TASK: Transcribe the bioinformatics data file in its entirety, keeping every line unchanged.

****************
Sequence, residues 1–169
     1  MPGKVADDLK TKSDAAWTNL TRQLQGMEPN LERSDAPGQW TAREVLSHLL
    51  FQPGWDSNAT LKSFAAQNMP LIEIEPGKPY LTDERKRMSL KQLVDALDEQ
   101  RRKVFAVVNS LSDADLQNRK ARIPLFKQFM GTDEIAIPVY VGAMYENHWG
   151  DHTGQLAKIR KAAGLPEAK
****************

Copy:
Sequence, residues 1–169
     1  MPGKVADDLK TKSDAAWTNL TRQLQGMEPN LERSDAPGQW TAREVLSHLL
    51  FQPGWDSNAT LKSFAAQNMP LIEIEPGKPY LTDERKRMSL KQLVDALDEQ
   101  RRKVFAVVNS LSDADLQNRK ARIPLFKQFM GTDEIAIPVY VGAMYENHWG
   151  DHTGQLAKIR KAAGLPEAK